Responding to Kate McMahon's column about the disappointing transition from Food Emporium to Acme in her Connecticut town, MNB user Bryan Nichols wrote:I don’t know what experience you have in the retail industry, but you can’t remodel a store in three weeks under the best of circumstances even if money is no object. I have probably been involved in 500 new or updated stores, and to do it right can take many months.
The facility is secondary to proper merchandising and customer service.
To be clear, Kate was not being literal when she suggested that instead of being closed for three days, Acme should have closed the store for three weeks. And she wasn't even calling for a full-blown remodel ... Kate was saying that maybe they should have spent more time to change the antiquated lighting and fix the dilapidated floor and has a moldy smell that hasn't gone away.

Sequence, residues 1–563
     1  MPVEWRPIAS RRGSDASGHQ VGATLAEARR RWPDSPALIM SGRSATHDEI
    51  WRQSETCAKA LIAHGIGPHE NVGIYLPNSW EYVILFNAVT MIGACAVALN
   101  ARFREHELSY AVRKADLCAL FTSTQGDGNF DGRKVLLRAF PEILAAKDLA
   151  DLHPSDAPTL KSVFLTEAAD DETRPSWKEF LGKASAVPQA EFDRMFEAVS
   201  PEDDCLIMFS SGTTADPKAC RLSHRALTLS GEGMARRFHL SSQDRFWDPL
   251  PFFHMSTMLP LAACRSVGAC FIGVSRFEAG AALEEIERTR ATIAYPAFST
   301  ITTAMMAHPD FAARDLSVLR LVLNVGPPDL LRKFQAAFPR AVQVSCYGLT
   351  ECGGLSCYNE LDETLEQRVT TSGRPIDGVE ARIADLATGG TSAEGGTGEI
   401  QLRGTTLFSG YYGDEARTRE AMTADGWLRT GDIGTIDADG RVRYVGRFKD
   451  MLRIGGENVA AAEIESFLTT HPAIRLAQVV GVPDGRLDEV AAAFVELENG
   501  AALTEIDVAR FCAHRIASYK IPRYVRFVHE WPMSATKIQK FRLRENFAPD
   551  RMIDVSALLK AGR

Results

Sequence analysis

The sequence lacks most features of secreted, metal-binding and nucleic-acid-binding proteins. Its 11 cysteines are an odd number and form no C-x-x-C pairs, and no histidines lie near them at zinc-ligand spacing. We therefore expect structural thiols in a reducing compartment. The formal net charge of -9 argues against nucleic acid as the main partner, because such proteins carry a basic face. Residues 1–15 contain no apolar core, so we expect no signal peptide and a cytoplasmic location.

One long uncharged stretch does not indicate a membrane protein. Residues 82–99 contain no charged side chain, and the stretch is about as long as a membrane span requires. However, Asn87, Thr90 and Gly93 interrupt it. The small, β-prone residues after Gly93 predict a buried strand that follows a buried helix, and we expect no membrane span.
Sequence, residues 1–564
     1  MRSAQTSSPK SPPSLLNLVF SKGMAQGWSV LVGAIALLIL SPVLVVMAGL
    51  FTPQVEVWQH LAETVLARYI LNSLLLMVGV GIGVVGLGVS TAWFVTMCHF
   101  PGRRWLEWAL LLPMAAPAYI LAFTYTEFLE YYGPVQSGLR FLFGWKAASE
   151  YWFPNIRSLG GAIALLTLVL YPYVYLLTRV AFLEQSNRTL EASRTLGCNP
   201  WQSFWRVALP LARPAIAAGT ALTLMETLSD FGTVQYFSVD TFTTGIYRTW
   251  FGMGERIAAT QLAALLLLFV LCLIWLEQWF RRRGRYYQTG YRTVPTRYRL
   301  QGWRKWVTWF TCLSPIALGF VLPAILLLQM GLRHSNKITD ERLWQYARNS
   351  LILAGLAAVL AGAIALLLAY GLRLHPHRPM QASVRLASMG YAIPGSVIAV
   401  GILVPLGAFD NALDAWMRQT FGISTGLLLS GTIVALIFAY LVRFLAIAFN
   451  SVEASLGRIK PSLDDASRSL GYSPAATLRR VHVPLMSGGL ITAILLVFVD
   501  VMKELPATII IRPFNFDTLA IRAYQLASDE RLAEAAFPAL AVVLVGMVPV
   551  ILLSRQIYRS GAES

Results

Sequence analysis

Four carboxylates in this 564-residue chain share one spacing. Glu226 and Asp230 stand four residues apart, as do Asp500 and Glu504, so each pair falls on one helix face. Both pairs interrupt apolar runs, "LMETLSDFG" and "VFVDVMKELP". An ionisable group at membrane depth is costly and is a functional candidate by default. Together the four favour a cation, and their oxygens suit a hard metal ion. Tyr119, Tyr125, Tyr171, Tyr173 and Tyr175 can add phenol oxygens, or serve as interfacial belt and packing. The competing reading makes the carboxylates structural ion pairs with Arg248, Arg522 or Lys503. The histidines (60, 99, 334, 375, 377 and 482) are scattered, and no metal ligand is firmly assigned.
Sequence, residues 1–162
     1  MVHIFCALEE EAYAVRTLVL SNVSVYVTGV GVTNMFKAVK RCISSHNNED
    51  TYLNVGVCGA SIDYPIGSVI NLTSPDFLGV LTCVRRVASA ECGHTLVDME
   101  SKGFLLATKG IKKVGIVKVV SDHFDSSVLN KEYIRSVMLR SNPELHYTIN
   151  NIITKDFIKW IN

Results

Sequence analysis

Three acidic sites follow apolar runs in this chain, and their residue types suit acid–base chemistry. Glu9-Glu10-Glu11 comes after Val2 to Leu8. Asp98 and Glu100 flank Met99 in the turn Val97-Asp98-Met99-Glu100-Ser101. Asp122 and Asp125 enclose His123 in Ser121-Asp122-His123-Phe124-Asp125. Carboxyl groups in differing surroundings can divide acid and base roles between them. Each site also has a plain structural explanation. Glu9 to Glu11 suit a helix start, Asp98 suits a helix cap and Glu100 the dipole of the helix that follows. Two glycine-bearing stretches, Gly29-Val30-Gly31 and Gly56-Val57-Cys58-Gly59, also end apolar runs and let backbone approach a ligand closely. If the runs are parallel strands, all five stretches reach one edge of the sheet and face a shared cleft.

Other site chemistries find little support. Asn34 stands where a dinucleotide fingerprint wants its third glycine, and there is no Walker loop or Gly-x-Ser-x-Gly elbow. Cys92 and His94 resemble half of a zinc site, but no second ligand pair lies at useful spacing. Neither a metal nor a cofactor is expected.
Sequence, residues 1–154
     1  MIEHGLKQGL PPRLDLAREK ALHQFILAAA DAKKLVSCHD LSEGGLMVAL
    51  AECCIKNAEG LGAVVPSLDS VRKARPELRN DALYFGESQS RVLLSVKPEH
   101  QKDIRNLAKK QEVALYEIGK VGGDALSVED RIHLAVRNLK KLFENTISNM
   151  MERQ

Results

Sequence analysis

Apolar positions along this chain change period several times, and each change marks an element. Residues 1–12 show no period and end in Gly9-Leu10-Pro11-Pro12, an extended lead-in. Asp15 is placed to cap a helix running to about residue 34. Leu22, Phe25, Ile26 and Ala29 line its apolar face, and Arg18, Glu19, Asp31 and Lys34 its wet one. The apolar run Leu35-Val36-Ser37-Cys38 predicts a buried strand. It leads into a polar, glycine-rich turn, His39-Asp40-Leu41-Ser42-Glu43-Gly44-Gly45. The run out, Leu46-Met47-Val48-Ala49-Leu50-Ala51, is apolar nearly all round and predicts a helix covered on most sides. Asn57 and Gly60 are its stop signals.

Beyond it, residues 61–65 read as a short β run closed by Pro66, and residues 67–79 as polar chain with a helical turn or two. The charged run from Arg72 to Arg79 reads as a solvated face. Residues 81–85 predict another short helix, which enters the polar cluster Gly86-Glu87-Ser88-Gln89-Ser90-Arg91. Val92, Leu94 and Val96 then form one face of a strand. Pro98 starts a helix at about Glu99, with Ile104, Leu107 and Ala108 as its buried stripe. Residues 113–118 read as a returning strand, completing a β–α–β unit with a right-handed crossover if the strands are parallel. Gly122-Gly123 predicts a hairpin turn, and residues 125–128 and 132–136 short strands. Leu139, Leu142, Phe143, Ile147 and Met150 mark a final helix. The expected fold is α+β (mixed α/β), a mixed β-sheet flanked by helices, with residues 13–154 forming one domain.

I think she's absolutely right.
You're not wrong to say that proper merchandising and customer service can be a game changer ... but it is hard to even get customers to experience those things if the store doesn't present itself as actually being a modern supermarket. Just putting up a new sign doesn't cut it. Or, as a friend of mine who happens to be one of the smartest retailers I've ever met likes to say, "Good enough is never good enough."
And finally, on another subject, one MNB user wrote:Kudos to REI and their management team for closing Black Friday. I just ordered REI Gift Cards – via AMEX (trade in the points) to shop at REI!!!!
Thank you REI management for putting your employees and customers first!